BCACP Exam Changes for Fall of 2020

The BCACP Exam Changes for the fall of 2020 should modestly impact your preparation.

Much like the BCPS exam, the BCACP (Board Certified Ambulatory Care Pharmacist) exam is undergoing changes for the fall of 2020. (If you are looking for a breakdown of the BCPS 2020 Changes, find them here.) BCACP exam changes likely include a significantly greater emphasis on ambulatory care and clinical topics. This is a welcomed change in my opinion. Pharmacists will need to be at the top of their clinical pharmacy game to be able to most effectively work with their respective healthcare teams.

BCACP Exam Changes – The Details

For reference, here’s the OLD content outline for the exam: (directly quoted from the BPS website)

  1. Patient-Centered Care: Ambulatory Care Pharmacotherapy (37 percent of examination)
  2. Patient-Centered Care: Collaboration and Patient Advocacy (29 percent of examination)
  3. Translation of Evidence into Practice (14 percent of examination)
  4. Practice Models and Policy (14 percent of examination)
  5. Population and Public Health (6 percent of examination)

Here’s the updated content outline starting in the fall of 2020:

  1. Patient-Centered Ambulatory Care (75% of examination)
  2. Translation of Evidence into Ambulatory Care Practice (15% of examination)
  3. Ambulatory Care Practice Advancement (10% of examination)

I would strongly encourage you to review the official content outline and develop a personalized plan.

Preparing a Plan for the BCACP Exam Changes

As you can see from the new BCACP content outline, BPS just went with the terminology of Patient-Centered Ambulatory Care as the main umbrella for many different topics. This is 75% of the exam! However, this does NOT mean that 75% of the exam is pharmacotherapy knowledge. Just one look at the topics listed should help you understand this fact.

Patient-Centered Ambulatory Care includes topics such as interviewing skills (i.e. motivational interviewing), communication, education, patient-specific factors that may affect the medication experience (i.e. adherence, health beliefs, literacy, etc.).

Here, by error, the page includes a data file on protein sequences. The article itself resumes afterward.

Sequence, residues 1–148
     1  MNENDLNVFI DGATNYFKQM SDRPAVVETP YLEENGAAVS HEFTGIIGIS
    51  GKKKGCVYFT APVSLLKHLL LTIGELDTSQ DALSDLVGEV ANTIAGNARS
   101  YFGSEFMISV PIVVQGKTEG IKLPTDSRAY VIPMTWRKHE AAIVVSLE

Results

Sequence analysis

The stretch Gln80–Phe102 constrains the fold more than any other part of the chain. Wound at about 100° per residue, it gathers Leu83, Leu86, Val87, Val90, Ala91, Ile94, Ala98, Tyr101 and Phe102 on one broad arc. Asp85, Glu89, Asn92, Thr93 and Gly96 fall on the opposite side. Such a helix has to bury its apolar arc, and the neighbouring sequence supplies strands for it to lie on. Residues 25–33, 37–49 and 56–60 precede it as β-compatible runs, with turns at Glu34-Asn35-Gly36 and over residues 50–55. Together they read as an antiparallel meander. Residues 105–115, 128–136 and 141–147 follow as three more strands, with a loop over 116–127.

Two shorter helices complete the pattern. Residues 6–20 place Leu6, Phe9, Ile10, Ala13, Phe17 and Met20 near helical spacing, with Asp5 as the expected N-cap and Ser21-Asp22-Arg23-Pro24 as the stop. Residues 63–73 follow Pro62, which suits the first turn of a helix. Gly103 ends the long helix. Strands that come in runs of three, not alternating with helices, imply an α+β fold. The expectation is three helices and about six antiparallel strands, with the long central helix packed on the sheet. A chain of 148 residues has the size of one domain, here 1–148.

In our study material, we do not overlook these topics and regardless of whether or not you use our content for the BCACP exam, you should not overlook this either!

Do Not Overlook Statistics

Translation of Evidence into Ambulatory Care Practice is 15% of the exam. You could get up to 15-25 statistics, regulatory, and/or research-based questions. This could easily make or break your exam. Be sure to put in some time reviewing these topics.

Ambulatory Care Practice Advancement

In my opinion, this is probably one of the more challenging topics to prepare for. Anything from collaboration, education, interprofessional collaboration, business development, billing in ambulatory care, or strategies for providing feedback could be asked in these questions. We’ve done our best to cover a lot of these miscellaneous topics in our regulatory section of the BCACP All Access Pass.

What to do When You Don’t Know the Answer

Unless you actually wrote the BCACP exam, there will be questions that you just aren’t sure about. When I run into questions like this, I try very hard to narrow the answer down to the two best answers. When I do this, it allows me to feel like I at least have a 50% shot of getting the answer correct. That isn’t terrible odds compared to a 1/4 chance.

I hope this helps you better prepare to pass your BCACP exam!


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Written By Eric Christianson

January 1, 2020

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